Ironically, I am astounded and flattered that our music seems to somehow endured through other band’s interpretations on their albums and through some compilation albums that you can still buy today that showcased much of the music happening in those days in Texas. There have even been some interesting video efforts (YouTube) made to fit our music. Hmmm, wonder where that audio engineer dude ended up after all these years?
I was drafted in late 1966 (Vietnam) and ended up serving eight years serving my country (Navy) all over the world …. including London, England. Moved with family to California, worked for years as an electronics engineer. Due to a layoff (1985) re-invented and established myself as a much published fashion and beauty photographer in L.A. and authored a book “Model Mystique Unraveled” in 1995-96.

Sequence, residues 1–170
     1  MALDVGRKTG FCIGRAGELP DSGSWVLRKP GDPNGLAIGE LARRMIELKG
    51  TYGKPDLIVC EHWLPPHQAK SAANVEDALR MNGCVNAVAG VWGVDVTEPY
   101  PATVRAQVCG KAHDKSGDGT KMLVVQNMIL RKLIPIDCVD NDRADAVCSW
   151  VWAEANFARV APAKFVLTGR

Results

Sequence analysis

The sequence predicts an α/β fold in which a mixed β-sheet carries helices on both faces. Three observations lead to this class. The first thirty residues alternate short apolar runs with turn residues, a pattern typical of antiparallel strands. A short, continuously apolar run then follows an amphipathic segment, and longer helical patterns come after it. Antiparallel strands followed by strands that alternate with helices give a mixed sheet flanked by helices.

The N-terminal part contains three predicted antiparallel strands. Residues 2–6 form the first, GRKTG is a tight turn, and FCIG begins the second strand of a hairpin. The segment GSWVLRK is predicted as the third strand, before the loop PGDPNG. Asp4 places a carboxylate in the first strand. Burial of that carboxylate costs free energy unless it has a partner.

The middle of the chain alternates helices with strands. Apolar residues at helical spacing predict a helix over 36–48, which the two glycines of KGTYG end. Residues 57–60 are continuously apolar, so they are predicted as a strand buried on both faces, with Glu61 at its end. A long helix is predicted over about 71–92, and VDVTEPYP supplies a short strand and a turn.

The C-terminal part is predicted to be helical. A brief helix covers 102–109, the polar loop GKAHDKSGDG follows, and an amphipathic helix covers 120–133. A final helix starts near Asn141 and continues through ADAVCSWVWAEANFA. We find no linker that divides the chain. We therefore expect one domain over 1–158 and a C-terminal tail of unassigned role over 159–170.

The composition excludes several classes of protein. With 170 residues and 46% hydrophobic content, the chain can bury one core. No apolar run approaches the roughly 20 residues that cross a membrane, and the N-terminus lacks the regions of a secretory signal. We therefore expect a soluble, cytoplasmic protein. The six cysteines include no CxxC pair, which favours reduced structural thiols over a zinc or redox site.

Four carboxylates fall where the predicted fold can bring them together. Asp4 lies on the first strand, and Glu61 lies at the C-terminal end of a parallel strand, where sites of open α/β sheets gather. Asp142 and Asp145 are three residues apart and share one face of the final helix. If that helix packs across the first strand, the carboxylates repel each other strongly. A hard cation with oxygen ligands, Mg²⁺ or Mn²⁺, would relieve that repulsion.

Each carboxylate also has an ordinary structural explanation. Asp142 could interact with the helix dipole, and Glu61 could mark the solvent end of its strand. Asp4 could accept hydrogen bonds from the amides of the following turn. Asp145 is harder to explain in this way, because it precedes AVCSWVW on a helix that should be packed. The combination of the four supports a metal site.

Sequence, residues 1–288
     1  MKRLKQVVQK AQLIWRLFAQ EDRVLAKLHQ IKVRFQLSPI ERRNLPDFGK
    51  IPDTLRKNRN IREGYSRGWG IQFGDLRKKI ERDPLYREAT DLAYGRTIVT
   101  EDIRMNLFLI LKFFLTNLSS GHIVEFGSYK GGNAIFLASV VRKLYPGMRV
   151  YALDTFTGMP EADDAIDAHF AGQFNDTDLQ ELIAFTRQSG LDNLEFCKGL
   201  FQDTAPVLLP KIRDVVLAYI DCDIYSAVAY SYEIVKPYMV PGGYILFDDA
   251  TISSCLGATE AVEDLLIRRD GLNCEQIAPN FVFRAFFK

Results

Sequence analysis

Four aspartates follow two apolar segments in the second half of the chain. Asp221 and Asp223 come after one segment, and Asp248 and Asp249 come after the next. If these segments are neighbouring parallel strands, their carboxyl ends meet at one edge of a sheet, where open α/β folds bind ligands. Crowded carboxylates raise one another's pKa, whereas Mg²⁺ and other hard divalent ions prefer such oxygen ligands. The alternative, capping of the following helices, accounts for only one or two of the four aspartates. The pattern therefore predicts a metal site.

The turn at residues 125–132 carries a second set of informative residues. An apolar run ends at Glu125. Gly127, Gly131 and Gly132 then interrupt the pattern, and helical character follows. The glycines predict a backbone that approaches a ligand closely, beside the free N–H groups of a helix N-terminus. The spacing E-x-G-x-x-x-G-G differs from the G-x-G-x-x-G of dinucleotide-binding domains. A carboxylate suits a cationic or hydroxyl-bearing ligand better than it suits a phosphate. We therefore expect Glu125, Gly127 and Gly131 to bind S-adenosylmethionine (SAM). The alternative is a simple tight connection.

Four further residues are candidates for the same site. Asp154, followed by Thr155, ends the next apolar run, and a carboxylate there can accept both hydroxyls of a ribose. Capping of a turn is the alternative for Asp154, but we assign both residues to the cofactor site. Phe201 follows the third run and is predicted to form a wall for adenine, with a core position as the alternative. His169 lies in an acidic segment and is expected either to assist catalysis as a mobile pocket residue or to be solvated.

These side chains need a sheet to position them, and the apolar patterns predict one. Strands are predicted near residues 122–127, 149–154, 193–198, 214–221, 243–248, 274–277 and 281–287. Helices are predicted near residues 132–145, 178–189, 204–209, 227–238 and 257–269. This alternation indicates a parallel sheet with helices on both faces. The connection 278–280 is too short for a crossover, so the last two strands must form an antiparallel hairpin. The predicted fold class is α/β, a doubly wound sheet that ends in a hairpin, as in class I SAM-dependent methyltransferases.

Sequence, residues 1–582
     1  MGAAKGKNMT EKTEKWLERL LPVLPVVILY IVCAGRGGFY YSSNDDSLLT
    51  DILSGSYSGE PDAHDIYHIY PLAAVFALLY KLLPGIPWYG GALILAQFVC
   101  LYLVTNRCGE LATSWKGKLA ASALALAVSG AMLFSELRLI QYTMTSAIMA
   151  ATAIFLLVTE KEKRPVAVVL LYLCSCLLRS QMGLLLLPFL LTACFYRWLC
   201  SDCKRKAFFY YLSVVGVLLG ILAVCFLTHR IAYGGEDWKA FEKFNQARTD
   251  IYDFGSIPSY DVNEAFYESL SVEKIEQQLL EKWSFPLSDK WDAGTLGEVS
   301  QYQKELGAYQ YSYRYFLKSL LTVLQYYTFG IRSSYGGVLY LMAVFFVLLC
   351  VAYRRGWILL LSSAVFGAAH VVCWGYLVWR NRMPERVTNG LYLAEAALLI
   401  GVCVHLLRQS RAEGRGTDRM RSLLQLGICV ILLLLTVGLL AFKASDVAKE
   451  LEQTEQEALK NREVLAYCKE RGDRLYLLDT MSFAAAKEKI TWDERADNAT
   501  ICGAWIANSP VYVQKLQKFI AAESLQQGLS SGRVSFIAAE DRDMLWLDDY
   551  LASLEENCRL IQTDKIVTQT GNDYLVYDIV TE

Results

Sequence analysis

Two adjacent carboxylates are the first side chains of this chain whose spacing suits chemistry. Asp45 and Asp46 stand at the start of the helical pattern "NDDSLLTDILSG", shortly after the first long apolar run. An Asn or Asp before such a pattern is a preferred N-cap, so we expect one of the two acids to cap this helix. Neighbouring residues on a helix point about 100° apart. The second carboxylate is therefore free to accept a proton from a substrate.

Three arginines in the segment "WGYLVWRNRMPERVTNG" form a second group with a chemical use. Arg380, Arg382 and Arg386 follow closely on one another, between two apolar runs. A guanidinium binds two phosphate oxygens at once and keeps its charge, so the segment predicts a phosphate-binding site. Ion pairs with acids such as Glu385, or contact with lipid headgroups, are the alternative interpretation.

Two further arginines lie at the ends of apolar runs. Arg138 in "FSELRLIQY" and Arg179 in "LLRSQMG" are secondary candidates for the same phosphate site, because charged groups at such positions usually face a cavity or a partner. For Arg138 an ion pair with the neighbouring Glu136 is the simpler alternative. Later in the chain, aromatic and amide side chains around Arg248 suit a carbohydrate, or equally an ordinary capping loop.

I regret that I lost touch with the band after going in the service after 1966. But I heard that Eric (bass/manager) perpetuated the band for years in spite that I was obviously missing as the frontman!
Article scan from Rick Kern’s El Paso Musicians site, used with permission. Photos of the Frogdeath single courtesy of Danny Parra. A special thank you to Oktay for the scans and help with this article, and to Sam Stephenson for letting me hear “For Your Love” and “It’s All All Over”.